Dr. J. A. Leite de Moraes. of women. Among the reforms advocated by Matto-Grosso. the theists of India, of whom both of these Minas-Geraes Senator J. F. Meirade Vasconcellos.

Pará. societies are branches, are the complete aboli

Parahyba. tion of all caste restrictions; the abolition of Paraná the worship of deceased ancestors; a reform

Dr. J. A. de Azevedo Lima.
Piauhy

Dr. S. Q. de Moura. of the ceremonies usual at births, and at cre Rio Grande do Norte... Dr. A. D. Satyro. mation ; reform of marriage customs (which is

Dr. Martinho A. S. Campos. pronounced equivalent to the reconstruction of Hindoo society); the promotion of fe São Pedro (Rio Grande male education and emancipation; the liinita

Sergipe..

Dr. H. M. Inglez de Sousa. tion of men to one wife; the removal of the prohibition against the marriage of widows, dos Santos (1880), is Primate of all Brazil;

The Archbishop of Bahia, the Rt. Rev. L. A. and social reform; the suppression of intemperance of all kinds; the promotion of educa- and there are eleven bishops: those of Pará, tion among the people; and the social and São Luiz, Fortaleza, Olinda, Rio de Janeiro, moral regeneration of India.

São Paulo, Porto Alegre, Marianna, DiamanBRAZIL (IMPERIO DO BRAZIL). (For details tina, Goyaz, and Cuyabá. relating to area, territorial divisions, popula

The Brazilian Minister Plenipotentiary and tion, etc., reference may be made to the An. Envoy Extraordinary to the United States is nual Cyclopædia" for 1878.)

* Died August 29, 1881. (See OBITUARIES, FOREIGN.)

Dr. A. J. Furtado.

Amazonas.
Bahia..
Ceará..

Dr. M. A. Tostes.

Dr. P. S. Cincinato.
Colonel J. M. de Alencastro.

Dr. M. P. Souza Dantas Filho.
Dr. J. Ferreira Carneiro.
Dr. S. B. Pimentel.

Pernambuco.

Rio de Janeiro...
Santa Catharina..
São Paulo..

Dr. J. R. Chaves.
Senator F. C. de Abreu e Silva.

do Sul).

Dr. F. P. Soares Brandão.

Councilor Lopes Netto (transferred from Monte- vette and two smaller craft); with an aggrevideo in July, 1881); and the Brazilian Consul- gate of 3,758 men, and a total armament of General at Baltimore (for the Union) is Senhor 166 guns. The aggregate steam-power was Salvador de Mendonça.

8,660 horses. Besides the vessels above enuThe United States Minister to Brazil is Hon. merated, there were five iron-clad ships, one James Monroe (1881); and the United States gunboat, one school-ship, and one brig for Consul-General at Rio de Janeiro is Mr. midshipmen, all without armament. The perThomas Adamson. “We learn, with the sonnel of the navy consisted of 14 general staffgreatest pleasure," writes a Rio journalist, re- officers, 340 first-class officers, a sanitary corps ferring to the appointment of Minister Mon- 73 strong, 17 almoners, 88 accountants, 57 roe, and to the continuance of Mr. Adamson guardians, and 185 engineers; an imperial main the consulate-general, “that the Honorable rine corps, 2,695 strong, a naval battalion of James Monroe has been nominated by the 286 men, and 1,229 apprentices; total, 4,984 President of the United States as representa- men. An additional gunboat has been reporttive of that great republic at the court of ed “in course of construction " for some years Brazil. Mr. Monroe will be no stranger in past; but mention must here be made of two Brazil; he is already known here as a consul important craft, officially described as follows: who discharged his important duties with zeal One of these, an ironclad of novel construcand integrity; and his precedents here afford tion, contracted for in London in 1881, is to the certainty that the United States will find be 300 feet in length with 52 feet beam, and in him a resident Minister in Brazil who will to carry four Armstrong twenty-ton, new patreflect honor on his native country. As re- tern, breech-loading guns, mounted on two gards the present United States consulate- turrets arranged en échelon, and sufficiently general at Rio de Janeiro, we are rejoiced to far apart to avoid injury to one turret by the find that no change is contemplated in its oc- flash of the guns in the other. The lighter cupancy by the gentleman who has so wor armament is to consist of six 44-inch guns and thily discharged the duties thereof, and re a signal-gun. The armor is to be steel-faced formed it. As the New York correspondence throughout; the armor-belt, of two strakes, 7 says, Mr. Adamson is not popular among a feet deep and varying in thickness from 10 to certain class of American citizens here; but 11 inches; and the breast work and turrets each consuls, like ministers of state, who initiate 10 inches thick. The main-deck will be faced and enforce necessary reforms, must count on with 11-inch compound armor on a steel backhaving to endure much obloquy from the small ing 1 inch thick. The stem, stern, rudder, but noisy class whose interests the reforms brackets, and tubes will be constructed of brass, traverse. Still, every important American and while the hull will be double sheathed with other house, having business with the United wood and covered with Muntz-metal. PromiStates consulate-general here, will freely ac- nent among the advantages anticipated in this knowledge that, in Mr. Adamson, we have had ironclad are: the protection of the magazines the best American Consul-General Rio has and the spaces beneath the breastwork, fore seen since the days of “Honest James Mon- and aft of which the armor-belt will pass inside roe.'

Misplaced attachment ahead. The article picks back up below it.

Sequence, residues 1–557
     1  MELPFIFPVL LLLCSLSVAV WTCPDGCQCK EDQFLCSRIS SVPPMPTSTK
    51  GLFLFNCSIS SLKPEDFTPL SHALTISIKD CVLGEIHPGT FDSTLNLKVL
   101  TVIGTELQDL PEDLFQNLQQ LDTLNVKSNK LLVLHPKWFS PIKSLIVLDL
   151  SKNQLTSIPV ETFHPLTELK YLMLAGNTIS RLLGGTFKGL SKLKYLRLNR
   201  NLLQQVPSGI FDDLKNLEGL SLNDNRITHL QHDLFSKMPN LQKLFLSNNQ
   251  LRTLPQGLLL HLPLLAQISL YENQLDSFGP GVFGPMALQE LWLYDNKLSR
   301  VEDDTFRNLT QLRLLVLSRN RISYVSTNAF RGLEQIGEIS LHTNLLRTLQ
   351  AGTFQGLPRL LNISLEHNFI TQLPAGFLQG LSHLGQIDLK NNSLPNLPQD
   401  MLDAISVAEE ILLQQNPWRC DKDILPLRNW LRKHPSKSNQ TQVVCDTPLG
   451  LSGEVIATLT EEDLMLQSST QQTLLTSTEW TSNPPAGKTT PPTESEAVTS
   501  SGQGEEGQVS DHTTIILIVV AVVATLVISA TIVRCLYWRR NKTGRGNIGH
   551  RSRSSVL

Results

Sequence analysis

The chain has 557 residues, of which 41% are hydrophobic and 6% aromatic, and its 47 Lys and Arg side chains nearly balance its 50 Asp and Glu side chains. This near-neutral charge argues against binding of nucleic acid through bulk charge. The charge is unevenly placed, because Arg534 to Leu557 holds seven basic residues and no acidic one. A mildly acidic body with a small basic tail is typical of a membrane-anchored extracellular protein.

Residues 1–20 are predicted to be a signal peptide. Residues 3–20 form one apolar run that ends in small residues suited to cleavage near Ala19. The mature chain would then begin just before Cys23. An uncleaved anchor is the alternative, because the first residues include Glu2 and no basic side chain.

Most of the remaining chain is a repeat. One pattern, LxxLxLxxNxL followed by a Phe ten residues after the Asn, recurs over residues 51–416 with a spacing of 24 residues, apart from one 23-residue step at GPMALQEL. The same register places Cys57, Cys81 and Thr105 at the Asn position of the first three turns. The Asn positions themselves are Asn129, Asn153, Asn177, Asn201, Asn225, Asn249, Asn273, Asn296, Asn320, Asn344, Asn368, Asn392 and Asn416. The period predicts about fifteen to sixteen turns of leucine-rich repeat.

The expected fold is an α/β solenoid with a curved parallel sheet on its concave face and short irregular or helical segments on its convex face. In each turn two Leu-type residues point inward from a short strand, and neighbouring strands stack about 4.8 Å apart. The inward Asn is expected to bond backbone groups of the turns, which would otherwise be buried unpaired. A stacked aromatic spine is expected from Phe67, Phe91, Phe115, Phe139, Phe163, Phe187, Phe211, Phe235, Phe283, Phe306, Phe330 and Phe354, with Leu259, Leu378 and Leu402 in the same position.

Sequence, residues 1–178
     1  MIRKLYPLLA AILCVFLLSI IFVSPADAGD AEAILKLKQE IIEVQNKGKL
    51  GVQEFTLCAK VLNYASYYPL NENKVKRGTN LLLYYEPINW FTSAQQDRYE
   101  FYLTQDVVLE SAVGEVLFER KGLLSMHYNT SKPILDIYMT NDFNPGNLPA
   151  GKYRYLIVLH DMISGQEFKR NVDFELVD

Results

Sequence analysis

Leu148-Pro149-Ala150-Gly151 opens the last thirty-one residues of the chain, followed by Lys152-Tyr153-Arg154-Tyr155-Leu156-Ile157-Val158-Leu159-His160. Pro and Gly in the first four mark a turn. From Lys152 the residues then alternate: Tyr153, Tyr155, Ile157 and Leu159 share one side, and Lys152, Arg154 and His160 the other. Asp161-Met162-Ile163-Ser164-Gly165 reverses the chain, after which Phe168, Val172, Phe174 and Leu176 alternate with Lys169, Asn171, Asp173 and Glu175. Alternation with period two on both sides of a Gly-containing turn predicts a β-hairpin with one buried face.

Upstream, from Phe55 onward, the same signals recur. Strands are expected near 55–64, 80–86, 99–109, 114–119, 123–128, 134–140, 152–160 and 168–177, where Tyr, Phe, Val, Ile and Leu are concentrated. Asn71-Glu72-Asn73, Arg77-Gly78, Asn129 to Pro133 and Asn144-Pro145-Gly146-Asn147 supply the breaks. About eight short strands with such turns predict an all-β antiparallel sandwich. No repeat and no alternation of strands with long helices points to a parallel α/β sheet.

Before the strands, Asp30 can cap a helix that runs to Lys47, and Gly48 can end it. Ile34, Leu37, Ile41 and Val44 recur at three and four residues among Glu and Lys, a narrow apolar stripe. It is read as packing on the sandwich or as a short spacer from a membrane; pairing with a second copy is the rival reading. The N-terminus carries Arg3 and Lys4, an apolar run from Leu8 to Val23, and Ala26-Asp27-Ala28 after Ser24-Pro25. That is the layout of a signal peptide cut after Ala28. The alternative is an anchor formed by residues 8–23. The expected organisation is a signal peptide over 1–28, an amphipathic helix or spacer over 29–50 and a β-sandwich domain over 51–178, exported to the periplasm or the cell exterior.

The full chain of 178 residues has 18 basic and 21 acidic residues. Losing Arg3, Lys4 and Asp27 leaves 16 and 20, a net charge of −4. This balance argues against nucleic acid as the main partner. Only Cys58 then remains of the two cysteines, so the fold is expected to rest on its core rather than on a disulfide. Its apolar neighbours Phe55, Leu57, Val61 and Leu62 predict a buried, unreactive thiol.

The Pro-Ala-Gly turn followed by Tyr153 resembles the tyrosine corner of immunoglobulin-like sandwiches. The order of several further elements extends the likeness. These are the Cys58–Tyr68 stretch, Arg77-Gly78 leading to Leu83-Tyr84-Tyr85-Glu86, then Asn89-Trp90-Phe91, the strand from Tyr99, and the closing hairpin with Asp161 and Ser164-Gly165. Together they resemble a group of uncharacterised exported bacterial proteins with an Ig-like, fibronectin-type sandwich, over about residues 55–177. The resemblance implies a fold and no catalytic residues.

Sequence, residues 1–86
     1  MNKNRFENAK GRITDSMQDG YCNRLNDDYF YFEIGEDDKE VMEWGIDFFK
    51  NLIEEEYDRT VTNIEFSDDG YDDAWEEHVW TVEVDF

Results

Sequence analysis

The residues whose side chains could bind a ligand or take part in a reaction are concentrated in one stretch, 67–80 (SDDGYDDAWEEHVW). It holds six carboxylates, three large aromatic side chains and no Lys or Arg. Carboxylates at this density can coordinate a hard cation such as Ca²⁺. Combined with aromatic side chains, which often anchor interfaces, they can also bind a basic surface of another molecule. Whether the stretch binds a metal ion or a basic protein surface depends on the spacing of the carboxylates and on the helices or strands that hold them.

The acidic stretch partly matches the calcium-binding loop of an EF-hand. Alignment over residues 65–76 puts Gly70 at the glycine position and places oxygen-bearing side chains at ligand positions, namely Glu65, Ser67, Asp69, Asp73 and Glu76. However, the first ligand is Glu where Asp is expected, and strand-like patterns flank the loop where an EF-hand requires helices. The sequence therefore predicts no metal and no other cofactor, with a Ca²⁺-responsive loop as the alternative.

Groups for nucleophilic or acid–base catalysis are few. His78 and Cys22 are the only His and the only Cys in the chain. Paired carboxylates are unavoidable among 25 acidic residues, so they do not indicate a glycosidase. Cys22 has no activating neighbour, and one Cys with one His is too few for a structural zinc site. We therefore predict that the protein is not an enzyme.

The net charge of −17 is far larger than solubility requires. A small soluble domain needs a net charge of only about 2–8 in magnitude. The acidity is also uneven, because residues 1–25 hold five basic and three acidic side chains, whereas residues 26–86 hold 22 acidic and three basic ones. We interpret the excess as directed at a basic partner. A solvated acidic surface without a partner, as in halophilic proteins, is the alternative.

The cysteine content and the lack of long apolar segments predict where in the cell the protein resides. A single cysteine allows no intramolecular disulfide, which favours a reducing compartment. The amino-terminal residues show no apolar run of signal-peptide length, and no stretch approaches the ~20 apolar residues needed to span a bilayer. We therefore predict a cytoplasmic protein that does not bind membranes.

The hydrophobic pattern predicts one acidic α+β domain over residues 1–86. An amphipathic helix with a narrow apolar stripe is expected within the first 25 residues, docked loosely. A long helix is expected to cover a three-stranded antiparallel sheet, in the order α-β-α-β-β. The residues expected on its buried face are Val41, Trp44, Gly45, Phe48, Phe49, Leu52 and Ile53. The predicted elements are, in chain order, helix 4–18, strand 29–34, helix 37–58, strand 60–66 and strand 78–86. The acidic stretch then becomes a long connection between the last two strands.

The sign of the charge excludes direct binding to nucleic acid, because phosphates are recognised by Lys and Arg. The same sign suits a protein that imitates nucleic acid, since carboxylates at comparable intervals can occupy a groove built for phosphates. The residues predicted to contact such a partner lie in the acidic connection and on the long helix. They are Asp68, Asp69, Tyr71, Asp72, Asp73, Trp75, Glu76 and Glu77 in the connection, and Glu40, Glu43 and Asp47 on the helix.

and take the form of oblique armor; the dimiThe actual strength of the army in 1880 was nution of weight consequent upon that arrange15,304, of whom 1,743 were officers. The dis- ment, and the security against water lodging tribution of the several arms was as follows: upon the inner protective deck in the event of Infantry-twenty-one battalions, eight garrison piercing of the thin ends of the armor; and companies, and one depot company for drill- the use of the forced blast, with a horse-power service; cavalry-five regiments, one squad- readily increased from 6,000 to 8,000, and a ron, and five garrison companies; artillery- speed of not less than 15 bnt susceptible of bethree mounted regiments and five foot-battal- ing accelerated to 164 knots an hour. Should ions; sappers and miners, one battalion ; gen- the ship, on trial, fail by one quarter of a knot darmes, 8,340, of whom 931 were at Rio de to make 15 knots, the builders will, by the Janeiro. The National Guard had been dis- terms of their contract, be held to forfeit banded, with a view to reorganization after the £2,000; if by one half knot, £4,000; if by taking of the new census. Pursuant to the law three fourths, £8,000; if by one knot, £16,000 ; of February 27, 1875, military service is obli- if by 17 knot, £32,000: and should the speed gatory for all Brazilian citizens; but numerous fall short of 13} knots, the whole of the final exemptions are admitted, and substitution is al. installment, amounting to one sixth of the enlowable. The period of service in the regular tire price, will be forfeited. Should the exarmy is six years, and in the reserve three treme dranght of the ship, with 400 tons of years. The regulation war strength was to be coal and sea-going stores on board, exceed 20 fixed at 32,000; and the strength in time of feet, the forfeitures will be as follows: for an peace, although fixed at 13,000, is commonly excess of 1 inch, £1,000; of 2 inches, £2,000; in excess of that number. The navy, in 1880, of 3 inches, £4,000; of 4 inches, £8,000; of 5 consisted of nine steam ironclads, six steam inches, £16,000; of 6 inches, £25,000; and of corvettes, sixteen steam gunboats, six steam more than 6 incbes, the entire final installtransports, and three sail of the line (one cor- ment. Likewise, for an excess of one tenth